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There never seems to be a Subway when I need one, though!You must ride is some very remote areas. Those things are EVERYWHERE.
I actually expected most of the resistance to be from those who know other expanding chainring devices have not succeeded. I think the advantages of mine over predecessors is its simplicity, which leads to it being lightweight and inexpensive to produce, and that I have designed it to be interchangable with (or as easily installed as) other components.I will warn you to have the initial trial and production products made by a company that really knows what it is doing. Even if the concept is practical, nothing will kill a product faster than a series of breakages and early mechanical failures from manufacturing defects.
Big dollar bike shoes are as much a fashion accessory as a necessity and are aimed at competitive riders where weight and great stiffness are important.Big dollar shoes are not necessarily a necessity on a bike tour.
On the Nashbar website they have six shoes which take SPD cleats for $29.99 or less. Before using a 20% off coupon Nashbar frequently has. On the Amazon site the Crocs shoes are about $25-30. These are official Croc brand shoes so they might be much more than the copy shoes sold in flea markets. $30 or less for a pair of shoes does not meet my definition of "Big dollar shoes". All of the $29.99 or less Nashbar bike shoes looked like sneakers so I would guess they are comfortable.
I'll give an opinion on the bike. What everyone else has said should be considered. This bike does not appear to be setup for touring/carrying baggage. There does not appear to be any way to mount racks. The brakes are sidepull calipers. They will not be able to fit wide tires. Anything wider than 28mm likely will not fit. The shifters are mountain bike shifters mounted on top of the handlebars on either side of the stem. This does not seem like a good way to shift a road bicycle. Gearing seems OK. Triple crankset with at least a medium sized 7 speed cogset in back. Probably low enough gears if you do not run into anything real steep. You would need to be a pretty good bike mechanic to grease and tune the bike after you buy it. And be able to true and build wheels. Assembly is probably not good. I think you would be better off finding a used bike more suitable to touring. You probably need to learn more about bike mechanics.Everything you mention is correct but it could be summed up in one word: Walmart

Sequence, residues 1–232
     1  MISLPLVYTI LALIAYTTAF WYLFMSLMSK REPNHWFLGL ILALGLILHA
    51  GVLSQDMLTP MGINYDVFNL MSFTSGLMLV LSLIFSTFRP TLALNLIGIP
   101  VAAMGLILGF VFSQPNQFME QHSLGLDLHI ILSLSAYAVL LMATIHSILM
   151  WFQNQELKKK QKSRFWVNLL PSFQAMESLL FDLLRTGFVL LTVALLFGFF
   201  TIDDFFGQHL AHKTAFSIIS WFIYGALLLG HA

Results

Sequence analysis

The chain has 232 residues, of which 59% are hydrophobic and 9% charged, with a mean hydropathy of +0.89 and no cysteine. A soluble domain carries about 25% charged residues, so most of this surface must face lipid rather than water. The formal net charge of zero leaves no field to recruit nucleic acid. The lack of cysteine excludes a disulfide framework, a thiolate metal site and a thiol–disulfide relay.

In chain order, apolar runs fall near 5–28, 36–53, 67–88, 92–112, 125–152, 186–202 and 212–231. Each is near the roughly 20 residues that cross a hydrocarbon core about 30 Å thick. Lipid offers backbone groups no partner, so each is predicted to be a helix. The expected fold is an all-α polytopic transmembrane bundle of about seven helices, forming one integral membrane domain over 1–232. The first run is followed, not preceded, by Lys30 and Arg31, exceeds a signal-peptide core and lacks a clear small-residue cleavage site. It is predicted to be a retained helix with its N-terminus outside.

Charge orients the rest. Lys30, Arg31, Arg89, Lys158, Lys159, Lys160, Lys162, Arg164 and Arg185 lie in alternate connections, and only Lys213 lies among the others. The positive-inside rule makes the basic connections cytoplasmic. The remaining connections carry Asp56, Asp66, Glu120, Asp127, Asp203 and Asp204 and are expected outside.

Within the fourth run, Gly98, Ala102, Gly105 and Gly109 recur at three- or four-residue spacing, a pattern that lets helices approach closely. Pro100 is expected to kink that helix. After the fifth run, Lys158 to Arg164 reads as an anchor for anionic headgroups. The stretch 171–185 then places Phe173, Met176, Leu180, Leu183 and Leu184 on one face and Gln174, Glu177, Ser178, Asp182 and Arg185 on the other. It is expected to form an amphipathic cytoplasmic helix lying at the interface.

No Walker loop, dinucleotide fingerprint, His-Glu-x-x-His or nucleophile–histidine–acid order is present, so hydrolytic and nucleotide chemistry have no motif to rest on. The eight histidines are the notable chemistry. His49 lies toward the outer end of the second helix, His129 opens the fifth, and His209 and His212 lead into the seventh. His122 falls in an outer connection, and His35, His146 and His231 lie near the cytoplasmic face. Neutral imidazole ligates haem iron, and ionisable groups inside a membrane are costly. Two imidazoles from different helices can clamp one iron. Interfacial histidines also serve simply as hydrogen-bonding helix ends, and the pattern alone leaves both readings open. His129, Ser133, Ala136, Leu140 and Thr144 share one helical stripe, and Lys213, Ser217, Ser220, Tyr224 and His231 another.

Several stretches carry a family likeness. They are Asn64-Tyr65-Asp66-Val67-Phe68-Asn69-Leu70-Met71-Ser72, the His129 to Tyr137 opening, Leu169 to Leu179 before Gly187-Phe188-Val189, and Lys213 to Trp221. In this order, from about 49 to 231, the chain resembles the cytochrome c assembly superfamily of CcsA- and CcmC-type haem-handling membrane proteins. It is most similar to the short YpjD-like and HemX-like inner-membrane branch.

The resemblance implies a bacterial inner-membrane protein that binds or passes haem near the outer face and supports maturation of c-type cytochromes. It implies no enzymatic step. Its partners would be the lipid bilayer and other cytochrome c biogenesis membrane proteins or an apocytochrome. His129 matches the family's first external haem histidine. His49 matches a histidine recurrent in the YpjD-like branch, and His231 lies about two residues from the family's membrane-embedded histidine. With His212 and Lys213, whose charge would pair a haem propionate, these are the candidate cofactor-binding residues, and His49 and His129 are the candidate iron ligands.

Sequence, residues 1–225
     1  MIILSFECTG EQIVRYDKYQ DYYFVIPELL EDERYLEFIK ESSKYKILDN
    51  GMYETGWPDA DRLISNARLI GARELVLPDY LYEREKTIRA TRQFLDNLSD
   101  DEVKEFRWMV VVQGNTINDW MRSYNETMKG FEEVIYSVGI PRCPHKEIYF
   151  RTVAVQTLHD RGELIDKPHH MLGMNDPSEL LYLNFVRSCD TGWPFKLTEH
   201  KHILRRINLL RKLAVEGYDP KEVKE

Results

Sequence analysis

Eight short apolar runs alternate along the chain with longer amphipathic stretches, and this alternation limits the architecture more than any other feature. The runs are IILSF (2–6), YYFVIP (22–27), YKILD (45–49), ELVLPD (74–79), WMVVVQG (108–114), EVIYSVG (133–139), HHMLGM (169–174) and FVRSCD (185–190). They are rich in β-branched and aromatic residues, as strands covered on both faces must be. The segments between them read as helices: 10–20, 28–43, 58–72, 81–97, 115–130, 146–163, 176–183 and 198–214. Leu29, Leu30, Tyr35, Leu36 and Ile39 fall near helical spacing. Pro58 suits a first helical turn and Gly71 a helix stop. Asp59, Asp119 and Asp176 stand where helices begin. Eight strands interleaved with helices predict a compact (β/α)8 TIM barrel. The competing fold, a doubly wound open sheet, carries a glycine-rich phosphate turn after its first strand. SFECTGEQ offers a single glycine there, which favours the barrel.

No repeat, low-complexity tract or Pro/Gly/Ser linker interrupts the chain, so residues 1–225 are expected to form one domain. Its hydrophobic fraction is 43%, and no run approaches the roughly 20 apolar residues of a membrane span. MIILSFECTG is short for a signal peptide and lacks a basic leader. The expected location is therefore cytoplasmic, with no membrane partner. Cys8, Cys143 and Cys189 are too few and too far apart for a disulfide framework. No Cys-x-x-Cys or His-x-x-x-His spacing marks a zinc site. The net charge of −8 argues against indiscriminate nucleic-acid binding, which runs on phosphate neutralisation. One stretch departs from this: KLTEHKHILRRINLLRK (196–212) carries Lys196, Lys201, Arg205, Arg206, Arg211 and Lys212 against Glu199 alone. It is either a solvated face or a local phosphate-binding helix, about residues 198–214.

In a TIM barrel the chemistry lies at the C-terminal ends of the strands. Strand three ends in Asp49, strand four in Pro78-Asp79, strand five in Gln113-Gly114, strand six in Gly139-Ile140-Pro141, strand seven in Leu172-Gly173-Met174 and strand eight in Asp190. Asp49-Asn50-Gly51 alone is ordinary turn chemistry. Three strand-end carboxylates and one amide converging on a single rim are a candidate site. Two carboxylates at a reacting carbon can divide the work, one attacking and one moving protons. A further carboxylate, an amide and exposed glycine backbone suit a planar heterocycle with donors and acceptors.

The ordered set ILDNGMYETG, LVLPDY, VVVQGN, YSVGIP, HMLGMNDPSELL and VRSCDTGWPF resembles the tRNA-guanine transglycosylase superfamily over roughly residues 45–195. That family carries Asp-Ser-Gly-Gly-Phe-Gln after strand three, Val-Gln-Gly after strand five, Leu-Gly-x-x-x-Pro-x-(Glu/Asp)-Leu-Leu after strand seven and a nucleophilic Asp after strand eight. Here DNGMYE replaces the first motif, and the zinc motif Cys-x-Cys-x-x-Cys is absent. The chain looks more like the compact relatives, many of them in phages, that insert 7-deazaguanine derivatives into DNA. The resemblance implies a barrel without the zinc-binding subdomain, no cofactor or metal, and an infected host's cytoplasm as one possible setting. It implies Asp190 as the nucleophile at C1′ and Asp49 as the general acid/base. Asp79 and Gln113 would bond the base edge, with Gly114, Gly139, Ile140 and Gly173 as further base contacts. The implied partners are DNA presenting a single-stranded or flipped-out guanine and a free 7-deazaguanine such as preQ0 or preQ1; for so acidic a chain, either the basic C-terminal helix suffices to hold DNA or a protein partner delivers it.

This bike cost $180 all-up and the OP is trying to minimize his cost. Any usable trailer will cost way more than the entire bike.I'm trying to to stay as inexpensive as possible.When trying to use a non-touring bike for touring, it's usually best to consider using a trailer rather than panniers.
Just did a quick check and see that the ACA described the GDMBR as:If that's a good description and the single track is both a "dash" and not too tightly wooded or hemmed in by rock walls, then the 1200GS is a suitable machine.
"The big, bad granddaddy of epic mountain bike routes. 2,700 miles of primarily jeep roads (with a dash of pavement and singletrack)"
That sounds like what the GS and KLR were designed for.